Ariel’s on his way to Albuquerque to pick up Hanna, whose flight arrives at 8. He was so excited today you could feel the vibrations all over the house. After hours yesterday cleaning his room, and the bathroom (the. bath. room. that’s right.), he stopped at the grocery store today to get her flowers, banged out the dents in his car door Charles’s sledgehammer, then headed down to Albuquerque. I’m SO happy for him. “Don’t text and drive; don’t talk on your cell phone and drive; drive like people who love you are depending on it. Now get outta here.” That’s how I express love at this point in El Nino’s life (well, one way).
Charles is in the kitchen making invert sugar. For his birthday earlier this month I gave him a year’s subscription to Recchiuti’s monthly “Classics Club” (we discovered an amazing chocolate shop in San Francisco in October) with their book on making chocolates. Many recipes start with an invert sugar syrup, basically sugar heated until it breaks down into glucose and fructose, which makes for a much smoother consistency. You can buy this syrup but it’s not hard to make, and Charles took it upon himself to learn how. He went to two cooking stores to get things we need, including an immersion blender and a new instant-read thermometer.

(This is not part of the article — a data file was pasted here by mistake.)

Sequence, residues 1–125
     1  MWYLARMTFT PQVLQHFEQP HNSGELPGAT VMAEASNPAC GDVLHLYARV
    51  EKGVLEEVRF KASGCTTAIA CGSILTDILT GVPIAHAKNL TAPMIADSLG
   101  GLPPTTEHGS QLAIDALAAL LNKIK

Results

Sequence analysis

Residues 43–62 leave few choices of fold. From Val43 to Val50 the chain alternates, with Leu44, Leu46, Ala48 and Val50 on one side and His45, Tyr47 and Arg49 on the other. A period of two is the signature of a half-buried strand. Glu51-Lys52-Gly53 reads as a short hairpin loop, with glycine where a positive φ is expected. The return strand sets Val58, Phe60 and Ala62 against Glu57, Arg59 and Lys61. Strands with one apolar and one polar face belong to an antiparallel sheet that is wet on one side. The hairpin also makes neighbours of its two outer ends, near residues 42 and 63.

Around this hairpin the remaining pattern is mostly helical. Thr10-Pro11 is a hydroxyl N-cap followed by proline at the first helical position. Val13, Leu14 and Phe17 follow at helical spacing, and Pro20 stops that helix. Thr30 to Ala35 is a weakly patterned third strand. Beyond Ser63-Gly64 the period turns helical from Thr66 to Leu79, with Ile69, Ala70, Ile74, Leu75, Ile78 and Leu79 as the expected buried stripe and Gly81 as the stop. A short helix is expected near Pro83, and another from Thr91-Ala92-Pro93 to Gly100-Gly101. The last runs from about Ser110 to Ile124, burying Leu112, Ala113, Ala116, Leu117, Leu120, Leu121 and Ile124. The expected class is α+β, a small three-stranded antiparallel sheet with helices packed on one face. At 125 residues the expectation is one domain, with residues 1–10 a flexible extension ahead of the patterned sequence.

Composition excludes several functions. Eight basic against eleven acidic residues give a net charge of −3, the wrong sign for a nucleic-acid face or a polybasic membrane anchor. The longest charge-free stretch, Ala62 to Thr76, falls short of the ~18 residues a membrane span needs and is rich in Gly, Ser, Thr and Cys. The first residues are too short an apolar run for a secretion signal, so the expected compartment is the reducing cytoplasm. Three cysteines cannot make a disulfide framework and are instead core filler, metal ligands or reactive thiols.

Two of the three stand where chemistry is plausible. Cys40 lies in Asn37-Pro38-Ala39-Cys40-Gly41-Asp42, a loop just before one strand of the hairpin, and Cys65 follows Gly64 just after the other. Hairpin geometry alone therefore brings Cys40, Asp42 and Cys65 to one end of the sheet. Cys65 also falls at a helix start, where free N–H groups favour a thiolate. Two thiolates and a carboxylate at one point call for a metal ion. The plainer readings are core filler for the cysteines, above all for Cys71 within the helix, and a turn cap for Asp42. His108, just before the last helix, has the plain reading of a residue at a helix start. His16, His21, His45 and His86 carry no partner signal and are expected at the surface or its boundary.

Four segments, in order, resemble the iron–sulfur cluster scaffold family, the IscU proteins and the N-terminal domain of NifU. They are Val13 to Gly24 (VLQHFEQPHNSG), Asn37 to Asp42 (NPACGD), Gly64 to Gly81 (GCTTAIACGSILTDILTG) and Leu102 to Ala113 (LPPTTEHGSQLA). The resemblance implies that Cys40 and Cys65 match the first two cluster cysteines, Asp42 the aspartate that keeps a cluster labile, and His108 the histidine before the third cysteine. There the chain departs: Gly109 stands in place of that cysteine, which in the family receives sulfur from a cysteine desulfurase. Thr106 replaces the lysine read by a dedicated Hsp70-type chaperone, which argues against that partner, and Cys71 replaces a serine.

“I love this, it’s so cool,” he says. “You stick this bad boy in there and it tells you what you need to know.” For the moment all I need to do to help is say “mm-hmm” and “wow!” once in a while and keep him company. We’ll do the real work together tomorrow with “the kids.” There will be a second one here soon. “208,” Charles says. “We’re almost there, honey.”
I have dinner cooking for Ariel and Hanna, an ad-libbed chicken and green olives and some spaghetti al limone, which smells delicious. Hanna may be too tired after a day’s travels to want to eat much, but Ariel’s never been too tired to eat. We’ve got clothes racks near the wood stove temporarily to finish drying, Charles at the stove announcing the rising temperatures of his syrup, Misty sleeping on the warm floor near the fire, chicken hissing in its juices in the oven, and peach-colored tea roses on the kitchen table for La Hanna. I feel like Eloise at midlife: “Oooooooo, I absolutely LOVE domesticity!”